Iran’s oil minister is set to have talks with his UAE counterpart on Tuesday in Abu Dhabi amid progress on nuclear talks which could result in a lifting of sanctions that has kept a large portion of Iran’s oil production off the world markets for several years.
Bijan Namdar Zanganeh, Iran’s oil minister, will meet the UAE Minister of Energy, Suhail Al Mazrouei, in Abu Dhabi on Tuesday, Iran’s official news agency reported.
Top of the agenda in Abu Dhabi will be measures that Opec, which has a ministerial meeting scheduled for November 27 in Vienna, can take to deal with a sharp decline in oil prices since the summer.
The lifting of long-standing sanctions against Iran, which has kept about 1 million barrels per day of its oil off world oil markets since mid-2012, would add to Opec’s headaches, which have included a surge in supply from North America and weaker demand in Asia, especially China.
The oil ministers are meeting as the November 24 deadline for Iran nuclear talks approaches. Diplomats from Iran, the US and other major powers will meet in Vienna then to try to reach a comprehensive agreement that would result in Iran abandoning any non-peaceful nuclear ambitions in exchange for a lifting of sanctions. While officials involved in the talks have reported significant progress, the ultimate decision is a political one for Iran and US diplomats give it a 50/50 chance of resolution by the deadline.
Even if a deal is reached, Iran would need time to get its oil production back to pre-sanctions levels of 4 million bpd.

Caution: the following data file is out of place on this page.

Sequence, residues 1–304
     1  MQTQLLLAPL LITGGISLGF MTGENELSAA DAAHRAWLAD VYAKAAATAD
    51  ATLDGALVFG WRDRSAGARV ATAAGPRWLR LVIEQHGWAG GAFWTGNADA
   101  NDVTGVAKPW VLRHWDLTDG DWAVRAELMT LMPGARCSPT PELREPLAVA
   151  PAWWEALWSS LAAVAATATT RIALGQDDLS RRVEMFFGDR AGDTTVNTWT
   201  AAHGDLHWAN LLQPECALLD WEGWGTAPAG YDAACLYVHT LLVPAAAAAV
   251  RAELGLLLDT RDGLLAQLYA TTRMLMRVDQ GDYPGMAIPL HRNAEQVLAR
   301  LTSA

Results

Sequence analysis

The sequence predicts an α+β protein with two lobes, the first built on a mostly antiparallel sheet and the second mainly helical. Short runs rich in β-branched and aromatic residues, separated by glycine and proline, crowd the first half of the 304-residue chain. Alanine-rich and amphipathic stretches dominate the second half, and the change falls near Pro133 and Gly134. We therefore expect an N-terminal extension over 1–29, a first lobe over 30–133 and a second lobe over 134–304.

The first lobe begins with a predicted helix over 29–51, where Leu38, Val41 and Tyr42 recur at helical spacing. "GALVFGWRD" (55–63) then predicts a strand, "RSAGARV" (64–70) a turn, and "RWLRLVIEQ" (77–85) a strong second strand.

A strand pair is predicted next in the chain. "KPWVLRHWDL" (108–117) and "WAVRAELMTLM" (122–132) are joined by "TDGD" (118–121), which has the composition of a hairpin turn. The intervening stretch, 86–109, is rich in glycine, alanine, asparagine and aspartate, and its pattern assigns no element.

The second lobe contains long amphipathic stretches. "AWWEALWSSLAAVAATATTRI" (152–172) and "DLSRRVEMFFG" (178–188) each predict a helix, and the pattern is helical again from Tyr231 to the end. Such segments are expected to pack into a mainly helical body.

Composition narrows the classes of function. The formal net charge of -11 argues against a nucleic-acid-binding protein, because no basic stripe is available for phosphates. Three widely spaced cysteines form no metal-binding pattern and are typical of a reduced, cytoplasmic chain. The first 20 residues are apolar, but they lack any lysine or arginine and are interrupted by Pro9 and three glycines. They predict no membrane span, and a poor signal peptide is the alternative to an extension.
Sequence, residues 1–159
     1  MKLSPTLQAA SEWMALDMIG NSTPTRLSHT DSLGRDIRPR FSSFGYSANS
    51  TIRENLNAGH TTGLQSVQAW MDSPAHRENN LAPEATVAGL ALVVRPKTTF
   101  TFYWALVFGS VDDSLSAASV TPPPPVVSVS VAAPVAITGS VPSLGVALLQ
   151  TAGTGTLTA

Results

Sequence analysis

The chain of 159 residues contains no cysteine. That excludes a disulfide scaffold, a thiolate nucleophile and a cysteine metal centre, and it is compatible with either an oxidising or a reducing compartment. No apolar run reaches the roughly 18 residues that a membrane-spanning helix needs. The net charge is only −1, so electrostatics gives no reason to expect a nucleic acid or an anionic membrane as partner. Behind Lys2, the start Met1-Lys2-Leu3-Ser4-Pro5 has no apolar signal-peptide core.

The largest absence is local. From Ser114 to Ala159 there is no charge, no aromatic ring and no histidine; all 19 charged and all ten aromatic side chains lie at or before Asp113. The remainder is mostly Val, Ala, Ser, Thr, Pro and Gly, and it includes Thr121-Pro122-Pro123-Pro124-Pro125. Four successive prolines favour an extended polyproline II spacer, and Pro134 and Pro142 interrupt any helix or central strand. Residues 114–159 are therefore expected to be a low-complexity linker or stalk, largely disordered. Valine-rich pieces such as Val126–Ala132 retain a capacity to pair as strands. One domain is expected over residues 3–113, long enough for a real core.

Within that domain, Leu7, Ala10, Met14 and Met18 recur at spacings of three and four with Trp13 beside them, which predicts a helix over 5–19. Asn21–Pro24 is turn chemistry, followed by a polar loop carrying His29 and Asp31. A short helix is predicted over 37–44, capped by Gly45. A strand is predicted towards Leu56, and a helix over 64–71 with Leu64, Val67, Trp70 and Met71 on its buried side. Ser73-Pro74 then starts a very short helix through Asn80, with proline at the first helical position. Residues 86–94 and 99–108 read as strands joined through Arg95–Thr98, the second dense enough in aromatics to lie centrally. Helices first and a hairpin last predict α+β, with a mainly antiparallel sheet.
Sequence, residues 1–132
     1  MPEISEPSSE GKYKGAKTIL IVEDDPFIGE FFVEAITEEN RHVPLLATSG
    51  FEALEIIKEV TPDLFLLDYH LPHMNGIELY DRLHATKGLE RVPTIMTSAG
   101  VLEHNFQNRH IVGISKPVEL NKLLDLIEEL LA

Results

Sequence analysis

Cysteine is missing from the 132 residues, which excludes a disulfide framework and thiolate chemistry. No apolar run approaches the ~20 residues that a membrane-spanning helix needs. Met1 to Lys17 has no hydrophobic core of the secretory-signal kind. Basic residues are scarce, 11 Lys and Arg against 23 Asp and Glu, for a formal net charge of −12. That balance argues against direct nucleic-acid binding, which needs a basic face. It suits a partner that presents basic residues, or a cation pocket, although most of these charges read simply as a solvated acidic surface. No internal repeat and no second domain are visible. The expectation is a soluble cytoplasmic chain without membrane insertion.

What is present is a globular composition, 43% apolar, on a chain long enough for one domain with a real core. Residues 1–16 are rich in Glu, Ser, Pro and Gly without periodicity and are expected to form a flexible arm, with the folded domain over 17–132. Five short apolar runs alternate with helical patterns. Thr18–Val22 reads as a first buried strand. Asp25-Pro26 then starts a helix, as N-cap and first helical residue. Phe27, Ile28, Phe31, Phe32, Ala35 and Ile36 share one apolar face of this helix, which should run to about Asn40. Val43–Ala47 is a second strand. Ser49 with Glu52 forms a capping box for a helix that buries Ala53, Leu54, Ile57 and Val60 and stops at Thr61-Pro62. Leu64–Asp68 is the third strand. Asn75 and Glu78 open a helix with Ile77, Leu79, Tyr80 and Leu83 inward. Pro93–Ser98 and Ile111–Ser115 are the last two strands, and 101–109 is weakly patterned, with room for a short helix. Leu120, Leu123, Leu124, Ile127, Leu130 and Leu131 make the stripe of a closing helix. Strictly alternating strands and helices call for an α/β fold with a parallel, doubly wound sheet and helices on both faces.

“There are two big questions that will need to be answered, if we assume that sanctions will be lifted,” said Paul Stevens, a fellow at the Royal Institute of International Affairs in London.
“How much damage has been done to the fields by closing them in during sanctions and suspending investment? And how will Iran attract the big international oil companies back in to invest a lot of money?”
Last week at Adipec, both Bob Dudley, the chief executive of BP, and Arnaud Breuillac, the head of upstream at France’s Total, said that their firms would be interested in returning to Iran if sanctions were lifted, but that a decision to invest would depend on Iran offering attractive terms.
Iran alienated western companies in the 1990s with unattractive “buy back” contract terms and its oil minister had promised to announce the format for new contracts earlier this year, then again earlier this month, but now is not expected to set out the terms until February.
Iran faces a difficult task to attract oil companies after a long history of stop-start, and at a time when many of them are cutting capital expenditures on new projects because of the outlook on oil and gas prices.
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